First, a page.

• Sung Kim, the State Dept’s special rep for North Korea, told the House Foreign Relations Committee Tues that he would travel to China to discuss what U.S. officials charge is a North Korean cyberattack on Sony Pictures. He said the attack should have been a “wake up call to China” about the threat Pyongyang poses to China and its businesses (WSJ)
Not a “Silver Bullet”
• Obama’s plan would encourage the private sector to share cyberthreat info with DHS, according to a WH factsheet. Companies would qualify for targeted liability protection but would have to comply with certain privacy restrictions
• The WH said this week the proposals also would modernize U.S. laws to combat cybercrime, such as allowing for the prosecution of the sale of botnets, large numbers of hacked computers that can be directed remotely to attack targets and outlaw the sale of stolen credit card or bank account numbers. Experts said such crimes are already covered under existing laws
• This “isn’t a silver bullet,” said Mark Jaycox, with the Electronic Frontier Foundation, a civil liberties group. “We need to tackle the low-hanging fruit, the basic security precautions,” such as regularly updating computer servers and requiring robust passwords. Such issues could have played roles in recent high-profile breaches
• EFF said while the govt should have appropriate tools to investigate cybercrime, recent domestic surveillance revelations [Snowden] show law enforcement “certainly doesn’t need more legal authorities to conduct digital surveillance.”
• In President Obama’s latest move using executive authority to tackle climate change, the WH will announce plans this week to cut methane gas emissions from oil and gas production by up to 45% by 2025 from the levels recorded in 2012, according to a person familiar with the plan – asked not to speak about it – naughty (NYT, me)
Hill Leaders Meet Obama: Meh
• As he opened Tuesday’s meeting with congressional leadership, President Obama urged leaders to stake out areas of compromise on trade, tax reform and cybersecurity, saying he was hopeful that a “spirit of cooperation and putting America first” will prevail (AP, WSJ, Hill, me)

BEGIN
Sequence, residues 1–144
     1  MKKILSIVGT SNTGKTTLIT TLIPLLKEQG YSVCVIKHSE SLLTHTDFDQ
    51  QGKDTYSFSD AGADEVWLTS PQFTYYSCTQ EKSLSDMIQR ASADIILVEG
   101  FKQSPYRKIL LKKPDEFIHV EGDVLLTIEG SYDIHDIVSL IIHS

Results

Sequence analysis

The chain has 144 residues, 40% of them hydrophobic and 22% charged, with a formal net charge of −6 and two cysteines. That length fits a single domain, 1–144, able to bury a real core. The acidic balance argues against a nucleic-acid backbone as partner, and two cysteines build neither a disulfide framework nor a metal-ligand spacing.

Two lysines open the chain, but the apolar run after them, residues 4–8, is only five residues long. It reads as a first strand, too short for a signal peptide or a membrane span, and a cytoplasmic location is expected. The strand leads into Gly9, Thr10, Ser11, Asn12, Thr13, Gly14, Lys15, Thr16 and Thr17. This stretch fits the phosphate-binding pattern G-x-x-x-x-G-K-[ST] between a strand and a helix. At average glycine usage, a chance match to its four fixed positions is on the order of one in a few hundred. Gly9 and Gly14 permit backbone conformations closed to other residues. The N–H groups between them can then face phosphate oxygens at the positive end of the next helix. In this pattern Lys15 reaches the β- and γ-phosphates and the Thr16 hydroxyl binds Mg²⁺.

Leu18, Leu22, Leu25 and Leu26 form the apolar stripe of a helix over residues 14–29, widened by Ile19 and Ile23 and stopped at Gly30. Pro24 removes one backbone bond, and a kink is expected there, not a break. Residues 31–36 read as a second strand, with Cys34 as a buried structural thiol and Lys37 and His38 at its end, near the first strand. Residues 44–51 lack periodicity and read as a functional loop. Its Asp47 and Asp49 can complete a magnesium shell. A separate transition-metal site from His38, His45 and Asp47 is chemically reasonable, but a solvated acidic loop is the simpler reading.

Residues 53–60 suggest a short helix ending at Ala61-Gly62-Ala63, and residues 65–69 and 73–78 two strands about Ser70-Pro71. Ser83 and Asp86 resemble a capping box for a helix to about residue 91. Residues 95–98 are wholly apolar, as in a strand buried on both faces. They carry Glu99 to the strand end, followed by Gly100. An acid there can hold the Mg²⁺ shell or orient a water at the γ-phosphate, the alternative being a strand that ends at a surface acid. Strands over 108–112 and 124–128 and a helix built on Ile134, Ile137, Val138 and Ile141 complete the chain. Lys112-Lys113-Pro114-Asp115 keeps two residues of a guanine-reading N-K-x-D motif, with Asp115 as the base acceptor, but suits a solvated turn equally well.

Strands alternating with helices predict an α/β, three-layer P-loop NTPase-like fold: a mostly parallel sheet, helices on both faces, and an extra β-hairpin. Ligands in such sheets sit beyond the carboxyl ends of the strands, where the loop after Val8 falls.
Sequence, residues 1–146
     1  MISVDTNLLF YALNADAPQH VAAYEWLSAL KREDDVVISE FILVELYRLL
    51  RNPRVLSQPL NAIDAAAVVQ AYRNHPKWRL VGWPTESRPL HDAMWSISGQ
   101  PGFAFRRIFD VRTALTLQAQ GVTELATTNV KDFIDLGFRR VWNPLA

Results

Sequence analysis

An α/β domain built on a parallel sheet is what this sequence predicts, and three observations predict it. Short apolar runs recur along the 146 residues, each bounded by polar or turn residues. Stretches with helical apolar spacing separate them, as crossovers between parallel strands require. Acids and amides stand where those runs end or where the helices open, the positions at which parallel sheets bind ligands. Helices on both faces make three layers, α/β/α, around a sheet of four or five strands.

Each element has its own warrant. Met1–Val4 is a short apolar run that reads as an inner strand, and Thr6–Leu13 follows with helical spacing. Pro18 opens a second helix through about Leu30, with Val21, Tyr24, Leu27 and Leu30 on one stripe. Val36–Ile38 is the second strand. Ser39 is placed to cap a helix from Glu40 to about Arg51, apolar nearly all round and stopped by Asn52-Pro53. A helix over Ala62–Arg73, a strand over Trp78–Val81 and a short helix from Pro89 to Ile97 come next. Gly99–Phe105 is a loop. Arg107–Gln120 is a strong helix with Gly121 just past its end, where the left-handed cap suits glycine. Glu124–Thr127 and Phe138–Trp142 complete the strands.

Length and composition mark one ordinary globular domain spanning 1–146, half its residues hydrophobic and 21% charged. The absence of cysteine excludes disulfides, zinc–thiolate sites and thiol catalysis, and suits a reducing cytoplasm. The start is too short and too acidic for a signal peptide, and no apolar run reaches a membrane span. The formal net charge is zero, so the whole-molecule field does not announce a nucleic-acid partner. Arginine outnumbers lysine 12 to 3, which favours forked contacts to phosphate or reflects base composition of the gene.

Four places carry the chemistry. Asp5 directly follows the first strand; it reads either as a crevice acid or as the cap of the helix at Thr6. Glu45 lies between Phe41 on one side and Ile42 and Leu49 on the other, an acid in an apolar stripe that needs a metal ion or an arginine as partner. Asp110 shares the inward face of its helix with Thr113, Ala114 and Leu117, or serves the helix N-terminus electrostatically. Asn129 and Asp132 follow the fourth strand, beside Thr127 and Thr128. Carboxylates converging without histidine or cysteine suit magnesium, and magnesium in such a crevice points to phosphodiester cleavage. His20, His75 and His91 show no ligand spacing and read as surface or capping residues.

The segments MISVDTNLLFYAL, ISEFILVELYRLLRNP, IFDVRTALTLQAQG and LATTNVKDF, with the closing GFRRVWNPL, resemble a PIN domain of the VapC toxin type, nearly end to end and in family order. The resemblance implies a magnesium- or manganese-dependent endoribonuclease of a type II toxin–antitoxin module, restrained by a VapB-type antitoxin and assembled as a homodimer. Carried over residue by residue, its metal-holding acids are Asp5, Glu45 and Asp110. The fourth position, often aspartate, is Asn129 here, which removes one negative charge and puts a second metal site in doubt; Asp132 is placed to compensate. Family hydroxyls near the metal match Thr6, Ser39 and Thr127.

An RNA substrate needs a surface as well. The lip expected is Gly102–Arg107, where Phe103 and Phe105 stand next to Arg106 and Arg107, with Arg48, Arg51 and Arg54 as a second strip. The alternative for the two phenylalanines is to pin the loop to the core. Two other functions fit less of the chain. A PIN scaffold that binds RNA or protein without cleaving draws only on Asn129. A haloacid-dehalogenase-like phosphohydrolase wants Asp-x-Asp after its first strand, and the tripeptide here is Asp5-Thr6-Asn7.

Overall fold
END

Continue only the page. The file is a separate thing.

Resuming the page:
• However, in just the first week of the new GOP-controlled Congress, Republicans have taken aim at core elements of the president’s agenda, including legislation on immigration and health care that the WH has vowed to veto (five veto threats in all)
• House Speaker John Boehner’s (R-OH) office said that the Ohio Republican made clear that the House would push forward on a bill that would block the president’s executive actions on immigration and also urged the president to sign a bill approving construction of the Keystone XL pipeline
• WH spox Josh Earnest said, “In the first five days that they’ve been in session, they’ve advanced five pieces of legislation all the way to the rules committee that they already know this president strongly opposes.”
• Despite the areas of disagreement, the WH and Boehner both raised the prospect of working together on trade, overhauling the nation’s complex tax code, cybersecurity and an authorization for the use of military force against ISIS that GOP leaders said the WH may soon deliver to Capitol Hill for consideration


• Video uploaded to Facebook this week appears to show police in Michigan punching and kicking a handcuffed man who’s lying on the ground. “What’d you say?” one officer shouts, “Jesus? You’re calling Jesus? You fu*ker! Don’t you dare. Don’t you fu*king dare.” (Detroit News, TPM, me)
2016ers: Ready Steady
• Former Gov Mike Huckabee (R-AR), a possible 2016er, doubled down Tuesday on his recent criticism of Beyonce, knocking the Obamas’ for allowing their daughters to listen to her music. Huckabee has called her “mental poison,” and in his new book accuses husband Jay-Z of “exploiting his wife” like a “pimp.” (she makes her own business decisions)
• Yet Huckabee, a devout and modest Christian, has played bass on “Cat Scratch Fever” live on his Fox News show with (disgusting) singer Ted Nugent. Here are some lyrics: “Well, I make the pu$$y purr with the stroke of my hand, They know they gettin’ it from me” – you get the idea (WaPo, Hill, Buzzfeed, Forbes, WSJ, Politico, NYT, Reuters, me)

• Sen Rand Paul (R-KY) is in the early voting state of New Hampshire today to meet with business leaders, political leaders and activists ahead of a potential run. He’ll focus on two issues in particular: guns and Common Core standards as he seeks to take back the political spotlight as a conservative firebrand


• Mitt Romney, the 2012 GOP nominee, will give brief welcome remarks at a reception during the Republican National Convention’s annual meeting in San Diego on Friday. Those close to him say he’ll decide in a matter of weeks. Romney would be making a third run for the WH. Many Republicans have doubts about that and aren’t enthused